Is profiling in India’s DNA?

By Narayan Ramachandran

Even as the Supreme Court tackles the issue of privacy as a fundamental right, the government is considering a DNA (deoxyribonucleic acid) Profiling Bill.

India will be among the last large countries to adopt a DNA profiling or fingerprinting (also called DNA typing or testing) Bill. DNA profiling is a forensic technique used to identify individuals by characteristics of their DNA. DNA profiling is different from full genome sequencing.

A typical adult has over three billion characteristics in her DNA and only about a dozen characteristics (13 to be precise) are required for a DNA profiling database. A technique called the Short Tandem Repeat (STR) analysis is most widely used in forensic analysis. Over the last 25 years, most countries have adopted a DNA fingerprinting law and have developed databases for use primarily in criminal investigation, disaster identification and forensic science.

In 1985, Alec Jeffreys, a genetic researcher at the University of Leicester in the UK, first developed DNA profiling along with Peter Gill and David Werrett of the Forensic Science Service. They used the technique to demonstrate the innocence of a man being held for the rape/murder of two girls in Leicestershire. The constabulary then undertook an investigation in which more than 5,500 local men were asked to volunteer blood or saliva samples. With a bit of luck and the newly developed DNA technique, they were finally able to uniquely identify the perpetrator of the crime—a local baker’s apprentice.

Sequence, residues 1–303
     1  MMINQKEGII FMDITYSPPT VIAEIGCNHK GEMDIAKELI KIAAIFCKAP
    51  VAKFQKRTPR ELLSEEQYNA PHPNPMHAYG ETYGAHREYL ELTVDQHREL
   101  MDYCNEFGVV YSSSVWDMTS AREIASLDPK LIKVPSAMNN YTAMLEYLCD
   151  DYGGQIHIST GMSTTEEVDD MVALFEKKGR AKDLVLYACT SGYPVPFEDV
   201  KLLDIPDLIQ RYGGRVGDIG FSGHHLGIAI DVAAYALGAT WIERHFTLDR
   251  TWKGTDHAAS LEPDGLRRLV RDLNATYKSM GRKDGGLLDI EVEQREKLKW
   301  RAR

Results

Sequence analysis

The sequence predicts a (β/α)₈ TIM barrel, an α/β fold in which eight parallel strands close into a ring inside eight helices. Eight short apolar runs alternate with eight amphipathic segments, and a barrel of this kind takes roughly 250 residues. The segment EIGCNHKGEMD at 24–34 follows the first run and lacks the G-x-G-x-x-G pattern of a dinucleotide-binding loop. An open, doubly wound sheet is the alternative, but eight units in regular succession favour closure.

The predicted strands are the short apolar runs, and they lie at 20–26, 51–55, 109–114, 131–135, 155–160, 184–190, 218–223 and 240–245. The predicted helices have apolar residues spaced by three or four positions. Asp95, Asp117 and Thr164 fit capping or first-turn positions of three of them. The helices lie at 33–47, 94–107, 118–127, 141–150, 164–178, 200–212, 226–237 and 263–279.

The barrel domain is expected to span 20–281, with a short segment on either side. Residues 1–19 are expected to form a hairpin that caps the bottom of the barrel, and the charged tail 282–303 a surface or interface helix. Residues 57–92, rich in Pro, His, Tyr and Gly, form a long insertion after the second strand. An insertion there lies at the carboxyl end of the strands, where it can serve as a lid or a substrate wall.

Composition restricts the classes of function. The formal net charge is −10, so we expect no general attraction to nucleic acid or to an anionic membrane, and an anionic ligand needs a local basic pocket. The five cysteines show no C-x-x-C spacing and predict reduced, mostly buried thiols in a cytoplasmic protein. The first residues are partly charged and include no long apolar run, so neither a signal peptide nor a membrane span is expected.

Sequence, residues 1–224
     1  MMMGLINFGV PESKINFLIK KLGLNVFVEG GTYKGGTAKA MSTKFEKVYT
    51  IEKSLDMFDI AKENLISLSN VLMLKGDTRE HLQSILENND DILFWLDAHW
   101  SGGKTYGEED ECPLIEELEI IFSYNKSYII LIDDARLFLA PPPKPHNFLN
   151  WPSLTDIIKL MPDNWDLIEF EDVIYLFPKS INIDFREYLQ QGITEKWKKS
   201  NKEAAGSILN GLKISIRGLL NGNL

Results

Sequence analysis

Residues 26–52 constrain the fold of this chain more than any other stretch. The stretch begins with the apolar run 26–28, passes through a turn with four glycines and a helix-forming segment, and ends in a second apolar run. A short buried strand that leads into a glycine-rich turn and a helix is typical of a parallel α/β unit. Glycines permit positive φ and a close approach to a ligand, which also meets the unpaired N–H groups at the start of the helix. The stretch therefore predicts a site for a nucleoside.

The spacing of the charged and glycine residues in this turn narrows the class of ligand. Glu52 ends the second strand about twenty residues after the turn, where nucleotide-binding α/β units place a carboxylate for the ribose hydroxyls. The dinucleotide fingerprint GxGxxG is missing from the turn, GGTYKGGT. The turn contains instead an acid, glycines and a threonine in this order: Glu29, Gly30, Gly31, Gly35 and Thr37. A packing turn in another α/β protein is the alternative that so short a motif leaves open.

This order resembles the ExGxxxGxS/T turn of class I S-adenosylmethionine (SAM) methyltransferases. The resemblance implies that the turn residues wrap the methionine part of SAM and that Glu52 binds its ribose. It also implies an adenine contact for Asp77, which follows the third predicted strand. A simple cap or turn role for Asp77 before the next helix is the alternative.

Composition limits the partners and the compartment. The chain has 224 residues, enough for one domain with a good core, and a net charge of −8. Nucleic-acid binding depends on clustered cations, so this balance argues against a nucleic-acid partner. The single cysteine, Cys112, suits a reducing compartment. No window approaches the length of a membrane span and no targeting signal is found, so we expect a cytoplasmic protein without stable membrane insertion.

That successful conviction combined with rapid strides in DNA fingerprinting technology led to the setting up of the United Kingdom National DNA Database (NDNAD). The UK today maintains DNA profiles of nearly 7% of its citizens, representing the largest population proportion in the world. In sheer size, the largest DNA database was set up by the Federal Bureau of Investigation (FBI) in the US—the Combined DNA Index System (or Codis). The database contains more than 12 million offender profiles, more than 2.5 million arrestee profiles and 750,000 forensic profiles.

The Codis database has aided in over 350,000 investigations and produced more than 365,000 hits.

When DNA profiling is used wisely, it can bring major benefits to society—by helping to convict serious criminals, connect seemingly unrelated crimes and possibly even preventing crime. It is also particularly useful in the aftermath of a natural disaster. Concerns can arise, however, when tissue samples, genetic information and personal data are stored indefinitely on a DNA database. There are fears that the government and the police may be able to misuse this data and threaten our individual rights as well as that of our families.

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